Ohio also bans boards from considering arrests, sealed records, and convictions older than five years, aside from sexual, violent, or fiduciary crimes. Boards must also offer a predetermination process that lets applicants see if their criminal record could disqualify them, before they invest in any costly training or classes. However, the state’s otherwise stellar protections do not apply to certain health care facility licenses. Overall, Ohio received an A- in IJ’s Barred from Working report.
How You Can Help
If you are an Ohio resident and you want to help fight against these unfair and unnecessary licensing laws, there are a few ways you can get involved. You can donate to the Institute for Justice, sign up for our email updates, and share our message with your network. Together, we can make sure that all Ohio workers have the economic liberty they deserve.
Ohio Occupational Licensing Cases
Ohio Occupational Licensing in the News
Are Occupational Licenses Preventing You From Working in Ohio?
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Occupational Licensing Research
This third edition of IJ’s landmark License to Work report finds that for lower-income Americans, licensing continues to be widespread, burdensome and—frequently—irrational. It also provides a blueprint for meaningful licensing reform.
Cosmetology | Economic Liberty
Cosmetology is one of the most widely and onerously regulated occupations for lower-income workers, yet little research has explored the experiences of aspiring beauty workers. This first-of-its-kind study takes advantage of federal educational…
Economic Liberty | Occupational Licensing
Earning an honest living is one of the best ways to prevent re-offending. But strict occupational licensing requirements make it harder for ex-offenders to find work, thwarting their chances of successful reentry.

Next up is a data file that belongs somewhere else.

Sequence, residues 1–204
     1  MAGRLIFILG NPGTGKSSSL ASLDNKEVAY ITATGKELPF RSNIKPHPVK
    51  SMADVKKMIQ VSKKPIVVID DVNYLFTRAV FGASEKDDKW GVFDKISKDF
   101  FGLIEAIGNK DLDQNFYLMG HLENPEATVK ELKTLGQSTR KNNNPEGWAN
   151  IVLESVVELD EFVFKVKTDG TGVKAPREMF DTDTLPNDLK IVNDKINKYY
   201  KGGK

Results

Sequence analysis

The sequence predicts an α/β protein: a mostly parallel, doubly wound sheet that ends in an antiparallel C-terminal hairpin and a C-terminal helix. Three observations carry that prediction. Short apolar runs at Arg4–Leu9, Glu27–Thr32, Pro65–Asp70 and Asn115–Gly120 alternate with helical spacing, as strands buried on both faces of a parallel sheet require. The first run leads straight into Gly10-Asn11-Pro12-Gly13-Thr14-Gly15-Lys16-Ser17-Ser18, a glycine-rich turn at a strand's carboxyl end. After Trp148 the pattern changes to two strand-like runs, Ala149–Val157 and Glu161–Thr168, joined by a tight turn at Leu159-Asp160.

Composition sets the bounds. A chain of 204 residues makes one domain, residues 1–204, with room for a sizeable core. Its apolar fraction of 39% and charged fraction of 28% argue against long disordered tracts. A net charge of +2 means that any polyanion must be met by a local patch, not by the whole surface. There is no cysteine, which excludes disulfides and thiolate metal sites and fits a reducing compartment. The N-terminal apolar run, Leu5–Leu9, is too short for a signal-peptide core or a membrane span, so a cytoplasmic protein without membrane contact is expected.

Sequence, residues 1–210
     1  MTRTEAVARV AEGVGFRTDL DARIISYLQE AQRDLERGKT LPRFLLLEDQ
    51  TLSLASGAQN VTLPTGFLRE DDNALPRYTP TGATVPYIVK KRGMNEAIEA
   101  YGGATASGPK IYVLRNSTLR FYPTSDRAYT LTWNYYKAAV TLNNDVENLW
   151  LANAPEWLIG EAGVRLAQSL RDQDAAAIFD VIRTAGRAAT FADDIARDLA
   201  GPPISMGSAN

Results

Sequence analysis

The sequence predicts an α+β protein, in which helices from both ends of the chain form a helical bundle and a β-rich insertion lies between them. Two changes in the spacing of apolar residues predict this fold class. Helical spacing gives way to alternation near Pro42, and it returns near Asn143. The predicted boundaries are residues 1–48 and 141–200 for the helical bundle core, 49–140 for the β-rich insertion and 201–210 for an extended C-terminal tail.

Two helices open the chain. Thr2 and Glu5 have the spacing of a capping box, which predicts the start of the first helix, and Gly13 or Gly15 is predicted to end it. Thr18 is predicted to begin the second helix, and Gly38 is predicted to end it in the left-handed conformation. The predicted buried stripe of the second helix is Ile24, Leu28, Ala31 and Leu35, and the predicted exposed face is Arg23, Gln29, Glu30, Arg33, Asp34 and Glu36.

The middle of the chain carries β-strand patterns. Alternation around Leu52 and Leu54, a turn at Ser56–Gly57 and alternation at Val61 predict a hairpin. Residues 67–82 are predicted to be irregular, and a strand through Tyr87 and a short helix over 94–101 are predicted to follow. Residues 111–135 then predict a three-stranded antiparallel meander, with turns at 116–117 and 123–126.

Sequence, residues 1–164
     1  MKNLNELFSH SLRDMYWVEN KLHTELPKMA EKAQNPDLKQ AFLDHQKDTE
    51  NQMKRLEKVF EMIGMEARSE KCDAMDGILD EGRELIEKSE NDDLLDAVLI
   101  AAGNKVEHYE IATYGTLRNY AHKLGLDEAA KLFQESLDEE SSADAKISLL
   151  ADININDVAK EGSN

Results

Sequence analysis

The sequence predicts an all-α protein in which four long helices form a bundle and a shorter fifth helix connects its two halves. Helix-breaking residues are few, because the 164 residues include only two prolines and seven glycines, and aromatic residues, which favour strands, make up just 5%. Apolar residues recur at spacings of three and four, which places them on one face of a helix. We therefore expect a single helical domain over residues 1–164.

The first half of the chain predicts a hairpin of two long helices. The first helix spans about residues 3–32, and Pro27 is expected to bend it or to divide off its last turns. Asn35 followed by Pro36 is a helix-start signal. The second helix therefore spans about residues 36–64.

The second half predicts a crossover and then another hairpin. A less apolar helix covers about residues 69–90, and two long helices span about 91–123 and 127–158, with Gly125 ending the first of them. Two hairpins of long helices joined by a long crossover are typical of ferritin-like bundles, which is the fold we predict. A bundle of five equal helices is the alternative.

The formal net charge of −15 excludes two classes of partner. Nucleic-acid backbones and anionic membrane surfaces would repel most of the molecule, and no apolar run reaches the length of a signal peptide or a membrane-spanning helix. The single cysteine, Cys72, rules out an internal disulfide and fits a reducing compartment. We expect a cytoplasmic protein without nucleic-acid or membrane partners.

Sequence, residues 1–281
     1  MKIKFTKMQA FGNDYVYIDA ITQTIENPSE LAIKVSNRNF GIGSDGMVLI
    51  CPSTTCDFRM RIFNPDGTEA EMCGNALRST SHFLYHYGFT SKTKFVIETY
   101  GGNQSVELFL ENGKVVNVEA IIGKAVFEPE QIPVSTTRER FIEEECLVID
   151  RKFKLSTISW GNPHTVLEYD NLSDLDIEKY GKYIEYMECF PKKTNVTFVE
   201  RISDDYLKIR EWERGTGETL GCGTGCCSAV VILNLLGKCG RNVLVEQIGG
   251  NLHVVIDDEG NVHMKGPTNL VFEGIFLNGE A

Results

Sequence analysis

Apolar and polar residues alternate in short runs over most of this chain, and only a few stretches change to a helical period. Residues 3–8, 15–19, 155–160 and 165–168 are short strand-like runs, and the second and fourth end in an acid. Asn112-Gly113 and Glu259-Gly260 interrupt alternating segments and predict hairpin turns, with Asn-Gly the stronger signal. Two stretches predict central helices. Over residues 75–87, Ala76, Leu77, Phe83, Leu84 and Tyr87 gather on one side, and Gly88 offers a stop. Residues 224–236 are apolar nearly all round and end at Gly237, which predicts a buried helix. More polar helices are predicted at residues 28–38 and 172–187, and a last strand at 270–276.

Economic Liberty | Occupational Licensing
Not only do state occupational licensing laws force people to spend a lot of time and money earning a license instead of earning a living, they also impose real economic costs. This study takes advantage…
Learn more about our Economic Liberty work.
Economic liberty—the right to earn a living in the occupation of your choice without unnecessary government interference—is at the heart of the American Dream. Unfortunately, all too many entrepreneurs find that this dream is under constant attack by unreasonable licensing, permitting and other requirements that stand in the way of honest competition.Learn More
Reforming Occupational Licensing Nationwide
All Americans deserve the opportunity to earn an honest living. Yet occupational licenses, which are essentially permission slips from the government, routinely stand in the way of honest enterprise. Since our founding, IJ has fought to roll back oppressive occupational-licensing rules in more than two dozen distinct occupations, ranging all the way from tax preparers to florists to traditional African hair braiders. Learn more about IJ’s occupational-licensing work in all 50 states: